“I can see their confidence grow,” she said. “They’re becoming more confident readers. I want to get them as close as I can to the grade level reading benchmark.”
As at Northridge, paraeducators, a literacy teacher and a special education teacher work with small groups of students, reducing overall class sizes during literacy instruction. There’s also recess, movement breaks, themed Thursdays and a more relaxed feel than during the school year.
In a first-grade classroom, 18 students practiced a math counting strategy, counting up from the first number in math addition equations with the help of pictures. Next, they played a dice game to write their own equations.
“Remember, math isn’t a race,” cautioned teacher Nicole Neitenbach as the students worked. “If we go too fast, we might make silly mistakes.”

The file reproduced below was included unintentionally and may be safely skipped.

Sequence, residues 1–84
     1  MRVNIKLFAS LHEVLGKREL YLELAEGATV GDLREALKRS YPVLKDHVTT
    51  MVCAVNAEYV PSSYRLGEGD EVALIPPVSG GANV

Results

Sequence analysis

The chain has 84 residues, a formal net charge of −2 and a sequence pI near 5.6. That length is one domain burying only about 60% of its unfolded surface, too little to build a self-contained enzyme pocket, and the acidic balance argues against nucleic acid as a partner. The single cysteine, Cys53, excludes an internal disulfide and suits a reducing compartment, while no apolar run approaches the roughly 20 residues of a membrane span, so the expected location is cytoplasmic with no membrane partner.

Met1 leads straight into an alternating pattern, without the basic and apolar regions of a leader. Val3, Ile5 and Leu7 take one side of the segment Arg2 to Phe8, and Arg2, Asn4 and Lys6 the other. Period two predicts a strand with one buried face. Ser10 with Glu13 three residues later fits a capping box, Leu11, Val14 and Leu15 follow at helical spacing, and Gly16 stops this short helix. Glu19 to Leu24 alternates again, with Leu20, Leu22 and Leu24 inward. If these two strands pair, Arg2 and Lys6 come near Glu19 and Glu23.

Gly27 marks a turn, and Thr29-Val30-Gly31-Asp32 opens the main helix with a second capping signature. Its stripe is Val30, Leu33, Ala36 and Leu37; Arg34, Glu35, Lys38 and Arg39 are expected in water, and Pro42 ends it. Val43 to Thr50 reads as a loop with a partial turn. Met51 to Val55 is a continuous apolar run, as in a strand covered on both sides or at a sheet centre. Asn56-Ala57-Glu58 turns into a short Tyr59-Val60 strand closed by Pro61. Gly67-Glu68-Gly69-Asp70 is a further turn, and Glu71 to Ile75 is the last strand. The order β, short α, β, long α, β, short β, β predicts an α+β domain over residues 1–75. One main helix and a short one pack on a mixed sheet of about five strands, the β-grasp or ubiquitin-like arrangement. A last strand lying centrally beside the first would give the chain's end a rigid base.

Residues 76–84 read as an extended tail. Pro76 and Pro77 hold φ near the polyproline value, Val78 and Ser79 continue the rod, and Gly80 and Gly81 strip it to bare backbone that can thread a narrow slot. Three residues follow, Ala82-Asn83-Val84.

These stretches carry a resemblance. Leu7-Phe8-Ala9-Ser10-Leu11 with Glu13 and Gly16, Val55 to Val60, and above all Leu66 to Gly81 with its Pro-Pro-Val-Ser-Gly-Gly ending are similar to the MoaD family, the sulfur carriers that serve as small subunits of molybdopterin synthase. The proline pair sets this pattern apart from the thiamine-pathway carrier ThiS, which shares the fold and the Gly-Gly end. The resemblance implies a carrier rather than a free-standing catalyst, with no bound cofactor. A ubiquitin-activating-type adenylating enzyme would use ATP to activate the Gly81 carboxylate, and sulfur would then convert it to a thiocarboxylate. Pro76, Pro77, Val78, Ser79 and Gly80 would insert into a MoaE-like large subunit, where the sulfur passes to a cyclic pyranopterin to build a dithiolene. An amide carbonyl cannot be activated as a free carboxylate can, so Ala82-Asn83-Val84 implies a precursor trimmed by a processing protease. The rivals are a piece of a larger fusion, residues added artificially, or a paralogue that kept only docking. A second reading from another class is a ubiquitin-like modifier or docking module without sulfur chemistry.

Neitenbach, who has taught first grade at Red Hawk for four years and will move to third grade in the fall, said she’s focusing on improving students’ math fact fluency.
“If they have really strong math fact fluency, more difficult math problems aren’t as hard,” she said. “It’s really solidifying the skills they learned over the school year.”
For the dyslexia base camp pilot, 22 students spend the morning together for small group instruction in literacy and community building activities. They also work with two high school mentors, who can share their own experiences with dyslexia. In the afternoon, they participate in the regular Project Launch classrooms.
“We want to help kids get ready for the next school year,” said Laura Fitzgerald, the Highlands Elementary site coordinator.
Boulder Daily Camera